[[2, 1], [1, 2]]

sage: OrderedPartitions(10, k=2).list()                                         # needs sage.libs.gap
[[9, 1], [8, 2], [7, 3], [6, 4], [5, 5], [4, 6], [3, 7], [2, 8], [1, 9]]
sage: OrderedPartitions(4).list()                                               # needs sage.libs.gap
[[4], [3, 1], [2, 2], [2, 1, 1], [1, 3], [1, 2, 1], [1, 1, 2], [1, 1, 1, 1]]

>>> from sage.all import *
>>> OrderedPartitions(Integer(3))
Ordered partitions of 3
>>> OrderedPartitions(Integer(3)).list()                                               # needs sage.libs.gap
[[3], [2, 1], [1, 2], [1, 1, 1]]
>>> OrderedPartitions(Integer(3),Integer(2))
Ordered partitions of 3 of length 2
>>> OrderedPartitions(Integer(3),Integer(2)).list()                                             # needs sage.libs.gap
[[2, 1], [1, 2]]

>>> OrderedPartitions(Integer(10), k=Integer(2)).list()                                         # needs sage.libs.gap
[[9, 1], [8, 2], [7, 3], [6, 4], [5, 5], [4, 6], [3, 7], [2, 8], [1, 9]]
>>> OrderedPartitions(Integer(4)).list()                                               # needs sage.libs.gap
[[4], [3, 1], [2, 2], [2, 1, 1], [1, 3], [1, 2, 1], [1, 1, 2], [1, 1, 1, 1]]

cardinality()[source]#

Return the cardinality of self.

EXAMPLES:

sage: # needs sage.libs.gap
sage: OrderedPartitions(3).cardinality()
4
sage: OrderedPartitions(3,2).cardinality()
2
sage: OrderedPartitions(10,2).cardinality()
9
sage: OrderedPartitions(15).cardinality()
16384

>>> from sage.all import *
>>> # needs sage.libs.gap
>>> OrderedPartitions(Integer(3)).cardinality()
4
>>> OrderedPartitions(Integer(3),Integer(2)).cardinality()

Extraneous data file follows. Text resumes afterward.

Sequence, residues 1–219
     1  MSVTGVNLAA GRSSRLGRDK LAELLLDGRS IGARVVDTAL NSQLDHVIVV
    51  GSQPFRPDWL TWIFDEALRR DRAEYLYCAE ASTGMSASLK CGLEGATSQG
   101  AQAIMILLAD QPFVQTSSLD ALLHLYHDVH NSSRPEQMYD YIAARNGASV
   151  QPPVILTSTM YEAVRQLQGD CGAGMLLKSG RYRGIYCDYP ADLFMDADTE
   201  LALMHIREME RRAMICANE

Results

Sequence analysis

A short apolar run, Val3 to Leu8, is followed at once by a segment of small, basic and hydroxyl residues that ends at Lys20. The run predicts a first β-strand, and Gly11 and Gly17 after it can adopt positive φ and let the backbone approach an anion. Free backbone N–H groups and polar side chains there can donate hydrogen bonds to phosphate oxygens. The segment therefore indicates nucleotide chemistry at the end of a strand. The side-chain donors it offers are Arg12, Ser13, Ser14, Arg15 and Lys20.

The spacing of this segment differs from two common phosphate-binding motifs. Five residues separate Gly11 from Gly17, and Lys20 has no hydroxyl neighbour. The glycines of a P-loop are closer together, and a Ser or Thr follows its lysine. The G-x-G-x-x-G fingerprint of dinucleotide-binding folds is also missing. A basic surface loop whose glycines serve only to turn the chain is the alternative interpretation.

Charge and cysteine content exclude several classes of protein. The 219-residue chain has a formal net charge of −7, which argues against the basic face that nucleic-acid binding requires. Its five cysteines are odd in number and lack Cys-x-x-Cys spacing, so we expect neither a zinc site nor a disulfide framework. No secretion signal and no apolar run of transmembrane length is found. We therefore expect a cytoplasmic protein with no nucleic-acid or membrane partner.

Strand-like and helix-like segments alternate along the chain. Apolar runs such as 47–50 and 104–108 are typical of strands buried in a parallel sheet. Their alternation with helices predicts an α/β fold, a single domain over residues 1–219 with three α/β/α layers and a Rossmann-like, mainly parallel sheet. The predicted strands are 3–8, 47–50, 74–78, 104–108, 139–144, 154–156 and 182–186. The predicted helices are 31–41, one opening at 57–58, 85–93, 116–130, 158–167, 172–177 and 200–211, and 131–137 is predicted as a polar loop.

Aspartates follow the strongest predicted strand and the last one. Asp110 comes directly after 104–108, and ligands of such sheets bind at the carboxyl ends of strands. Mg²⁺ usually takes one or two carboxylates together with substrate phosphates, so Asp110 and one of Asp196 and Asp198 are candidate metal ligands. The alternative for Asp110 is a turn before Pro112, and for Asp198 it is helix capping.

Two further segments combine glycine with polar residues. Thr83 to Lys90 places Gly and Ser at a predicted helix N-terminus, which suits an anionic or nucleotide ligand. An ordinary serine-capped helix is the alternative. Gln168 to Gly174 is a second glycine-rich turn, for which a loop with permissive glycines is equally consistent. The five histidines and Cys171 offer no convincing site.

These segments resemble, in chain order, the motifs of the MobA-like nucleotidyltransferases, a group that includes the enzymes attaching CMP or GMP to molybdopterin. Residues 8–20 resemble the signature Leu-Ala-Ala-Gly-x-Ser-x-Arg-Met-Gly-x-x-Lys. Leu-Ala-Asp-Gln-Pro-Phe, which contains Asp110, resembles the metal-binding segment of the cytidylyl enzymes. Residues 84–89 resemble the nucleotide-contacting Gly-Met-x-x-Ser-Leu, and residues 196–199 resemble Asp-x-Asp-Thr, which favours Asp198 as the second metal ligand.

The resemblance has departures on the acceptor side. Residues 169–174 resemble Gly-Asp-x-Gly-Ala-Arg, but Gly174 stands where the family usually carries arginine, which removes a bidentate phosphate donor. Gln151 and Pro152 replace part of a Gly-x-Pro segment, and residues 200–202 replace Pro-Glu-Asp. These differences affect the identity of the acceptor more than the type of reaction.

2
>>> OrderedPartitions(Integer(10),Integer(2)).cardinality()
9
>>> OrderedPartitions(Integer(15)).cardinality()
16384

list()[source]#

Return a list of partitions in self.

EXAMPLES:

sage: OrderedPartitions(3).list()                                           # needs sage.libs.gap
[[3], [2, 1], [1, 2], [1, 1, 1]]
sage: OrderedPartitions(3,2).list()                                         # needs sage.libs.gap
[[2, 1], [1, 2]]

>>> from sage.all import *
>>> OrderedPartitions(Integer(3)).list()                                           # needs sage.libs.gap
[[3], [2, 1], [1, 2], [1, 1, 1]]
>>> OrderedPartitions(Integer(3),Integer(2)).list()                                         # needs sage.libs.gap
[[2, 1], [1, 2]]

class sage.combinat.partition.Partition(parent, mu)[source]#

A partition $$p$$ of a nonnegative integer $$n$$ is a non-increasing list of positive integers (the parts of the partition) with total sum $$n$$.

A partition is often represented as a diagram consisting of cells, or boxes, placed in rows on top of each other such that the number of cells in the $$i^{th}$$ row, reading from top to bottom, is the $$i^{th}$$ part of the partition. The rows are left-justified (and become shorter and shorter the farther down one goes). This diagram is called the Young diagram of the partition, or more precisely its Young diagram in English notation. (French and Russian notations are variations on this representation.)

The coordinate system related to a partition applies from the top to the bottom and from left to right. So, the corners of the partition [5, 3, 1] are [[0,4], [1,2], [2,0]].

For display options, see Partitions.options().

Note

Partitions are 0 based with coordinates in the form of (row-index, column-index). For example consider the partition mu=Partition([4,3,2,2]), the first part is mu[0] (which is 4), the second is mu[1], and so on, and the upper-left cell in English convention is (0, 0).

A partition can be specified in one of the following ways:

• a list (the default)

• using exponential notation

• by Frobenius coordinates

• specifying its $$0-1$$ sequence

• specifying the core and the quotient

See the examples below.

EXAMPLES:

Creating partitions though parents:

sage: mu = Partitions(8)([3,2,1,1,1]); mu
[3, 2, 1, 1, 1]
sage: nu = Partition([3,2,1,1,1]); nu
[3, 2, 1, 1, 1]
sage: mu == nu
True
sage: mu is nu
False
sage: mu in Partitions()
True
sage: mu.parent()
Partitions of the integer 8
sage: mu.size()
8
sage: mu.category()
Category of elements of Partitions of the integer 8
sage: nu.parent()
Partitions
sage: nu.category()
Category of elements of Partitions
sage: mu[0]
3
sage: mu[1]
2
sage: mu[2]
1
sage: mu.pp()
***
**
*
*
*
sage: mu.removable_cells()
[(0, 2), (1, 1), (4, 0)]
sage: mu.down_list()
[[2, 2, 1, 1, 1], [3, 1, 1, 1, 1], [3, 2, 1, 1]]
[(0, 3), (1, 2), (2, 1), (5, 0)]
sage: mu.up_list()
[[4, 2, 1, 1, 1], [3, 3, 1, 1, 1], [3, 2, 2, 1, 1], [3, 2, 1, 1, 1, 1]]